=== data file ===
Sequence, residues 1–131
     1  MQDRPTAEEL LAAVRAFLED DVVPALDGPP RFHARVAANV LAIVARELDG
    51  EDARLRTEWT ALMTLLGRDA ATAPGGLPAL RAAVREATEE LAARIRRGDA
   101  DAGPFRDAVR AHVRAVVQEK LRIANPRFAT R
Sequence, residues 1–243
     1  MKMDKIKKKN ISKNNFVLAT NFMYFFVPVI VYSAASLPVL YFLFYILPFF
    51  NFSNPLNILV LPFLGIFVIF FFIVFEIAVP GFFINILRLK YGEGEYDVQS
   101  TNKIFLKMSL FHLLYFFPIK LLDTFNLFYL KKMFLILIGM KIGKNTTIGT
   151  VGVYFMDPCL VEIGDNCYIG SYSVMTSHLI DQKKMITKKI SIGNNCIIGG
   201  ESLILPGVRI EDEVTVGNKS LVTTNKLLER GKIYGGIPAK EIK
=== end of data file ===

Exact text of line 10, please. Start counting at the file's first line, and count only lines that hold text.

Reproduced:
   201  ESLILPGVRI EDEVTVGNKS LVTTNKLLER GKIYGGIPAK EIK